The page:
Black women are hyper-visible and simultaneously invisible. When we share our first-hand experiences, the response is usually denial, abuse and cognitive dissonance. Being an educated black woman is to be a deviant who doesn’t deserve active listening, support or respect. To those outside of our communities, we are an anomaly and not the rule.
Black women in the UK are actively challenging these dismissive responses. We are more defiant in our attitudes and deliberate in our speech. Whether you agree with her politics or not, Diane Abbott is a joy to watch – she says everything with her chest. As is Bonnie Greer who consistently and mercilessly challenges old white men on their politics and ethics.
A few weeks ago, Tola Jaiyeola and I appeared on the ITV EU Referendum debate. We were both chosen to address Farage about his obsession with migration. Tola was possibly one of the calmest audience members on the show. Farage saw “black” and told her to “calm down”, which was both disrespectful and rude. Instead of shying away she remained assertive and continued to press him for a non-condescending answer. I, on the other hand, passionately echoed the concerns of friends, family and listeners about the consequences his anti-migrant rhetoric might have on the non-white British population. Like Tola, I grew frustrated with his deliberately misleading answers and fired back with a more straight-forward question before confronting him on his lies.
The aftermath was astounding. To these middle-aged white men Tola and I were interchangeable, at one point we were both mistaken for writer and No Fly on the Wall Founder Siana Bangura (note: she wasn’t at the debate). To them, all black women look the same. Ironically, my Twitter mentions were full of racists calling me a “racist”, and accusing me of “playing the race card” and the odd south Asian man telling me that I “don’t speak for them”. All the while memes of my face carrying the caption “the face of racism in Britain” circulated the internet. I’ll let the irony of that simmer for a minute.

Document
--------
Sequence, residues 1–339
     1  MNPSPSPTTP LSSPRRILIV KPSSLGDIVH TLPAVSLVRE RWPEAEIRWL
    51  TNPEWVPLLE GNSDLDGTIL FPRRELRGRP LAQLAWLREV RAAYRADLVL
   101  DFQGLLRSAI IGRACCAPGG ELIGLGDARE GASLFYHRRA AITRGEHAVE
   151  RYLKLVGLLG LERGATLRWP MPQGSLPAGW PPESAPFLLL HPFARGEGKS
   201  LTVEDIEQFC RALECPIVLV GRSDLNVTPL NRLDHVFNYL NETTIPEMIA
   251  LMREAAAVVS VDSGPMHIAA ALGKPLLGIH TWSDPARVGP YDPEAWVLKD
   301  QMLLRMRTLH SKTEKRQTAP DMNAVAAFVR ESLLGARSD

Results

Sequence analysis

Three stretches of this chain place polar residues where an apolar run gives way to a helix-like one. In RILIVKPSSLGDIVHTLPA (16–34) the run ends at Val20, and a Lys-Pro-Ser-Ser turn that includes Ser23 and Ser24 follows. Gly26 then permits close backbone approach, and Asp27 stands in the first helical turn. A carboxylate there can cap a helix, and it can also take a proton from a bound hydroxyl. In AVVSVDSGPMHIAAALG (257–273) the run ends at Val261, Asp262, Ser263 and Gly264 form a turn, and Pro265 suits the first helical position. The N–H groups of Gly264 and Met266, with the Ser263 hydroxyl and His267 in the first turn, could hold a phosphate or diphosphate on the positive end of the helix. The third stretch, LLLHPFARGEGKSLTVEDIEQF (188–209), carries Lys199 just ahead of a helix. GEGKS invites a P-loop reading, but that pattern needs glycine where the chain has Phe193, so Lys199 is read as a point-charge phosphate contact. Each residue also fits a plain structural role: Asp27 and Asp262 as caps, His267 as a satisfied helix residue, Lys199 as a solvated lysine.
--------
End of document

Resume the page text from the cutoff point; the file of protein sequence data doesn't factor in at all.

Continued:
I spoke with the ITV producers and editors at major publications, and they all asked me whether I expected the backlash from my question. My honest answer was no. I had no idea that all of the internet’s cave-dwelling trolls and troglodytes were waiting to get lit and turn up in your mentions when we decide to speak. In my Guardian and Buzzfeed bubble, I naively believed that Diane and Bonnie spoke freely and openly with little consequence. I never went beyond my TV screen to see what happens next.
‘Memes of my face carrying the caption “the face of racism in Britain” circulated the internet’
I’m not alone. Recently, Rosalind Brewer, the CEO of Sam’s Club in the USA, made some innocuous comments about prioritising diversity initiatives at her company. As a result, she too was called a racist and received death threats. The Harvard Business Review published a study titled ‘Women and Minorities Are Penalized for Promoting Diversity’ referencing the incident alongside some data that revealed what many us already knew. I still question the use of the word “penalised”. It doesn’t adequately represent the seriousness of the death threats Brewer and her family received.
Online harassment, bullying and threats are the reality of daring to critique society while being black and a woman. In an interview with Fortune Ms Brewer said: “I will continue to use my voice”, a slap in the face to her racist tormentors. Unfortunately, middle-aged white racists aren’t the only people that torment us online. When we dare to critique our own communities or the shenanigans that we allow in it, the trolls look more familiar.